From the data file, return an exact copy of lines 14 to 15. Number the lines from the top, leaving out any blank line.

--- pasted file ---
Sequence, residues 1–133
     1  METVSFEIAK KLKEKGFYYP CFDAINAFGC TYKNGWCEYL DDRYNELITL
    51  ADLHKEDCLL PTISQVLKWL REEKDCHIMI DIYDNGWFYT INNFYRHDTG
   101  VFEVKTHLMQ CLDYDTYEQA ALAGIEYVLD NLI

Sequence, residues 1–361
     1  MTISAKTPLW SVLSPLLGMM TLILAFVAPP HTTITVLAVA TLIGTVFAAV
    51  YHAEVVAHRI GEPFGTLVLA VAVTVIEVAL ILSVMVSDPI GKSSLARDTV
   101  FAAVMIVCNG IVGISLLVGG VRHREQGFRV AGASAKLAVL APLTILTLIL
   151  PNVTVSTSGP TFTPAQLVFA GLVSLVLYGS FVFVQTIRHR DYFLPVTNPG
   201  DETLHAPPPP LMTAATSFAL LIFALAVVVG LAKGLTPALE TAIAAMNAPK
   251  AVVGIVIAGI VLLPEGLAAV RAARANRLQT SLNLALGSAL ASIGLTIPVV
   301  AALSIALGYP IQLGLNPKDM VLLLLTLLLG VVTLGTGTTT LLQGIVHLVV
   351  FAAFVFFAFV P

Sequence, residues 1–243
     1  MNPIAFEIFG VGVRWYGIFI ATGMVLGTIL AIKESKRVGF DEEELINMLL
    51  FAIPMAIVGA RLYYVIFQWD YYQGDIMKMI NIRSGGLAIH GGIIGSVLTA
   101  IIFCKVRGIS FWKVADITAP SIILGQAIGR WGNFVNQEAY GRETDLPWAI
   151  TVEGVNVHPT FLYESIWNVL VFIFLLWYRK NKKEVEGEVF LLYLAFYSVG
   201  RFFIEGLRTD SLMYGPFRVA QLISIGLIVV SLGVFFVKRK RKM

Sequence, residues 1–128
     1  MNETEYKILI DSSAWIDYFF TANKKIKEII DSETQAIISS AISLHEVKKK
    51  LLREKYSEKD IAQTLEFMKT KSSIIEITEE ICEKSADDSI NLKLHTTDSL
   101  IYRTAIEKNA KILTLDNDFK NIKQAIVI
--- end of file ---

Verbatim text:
Sequence, residues 1–243
     1  MNPIAFEIFG VGVRWYGIFI ATGMVLGTIL AIKESKRVGF DEEELINMLL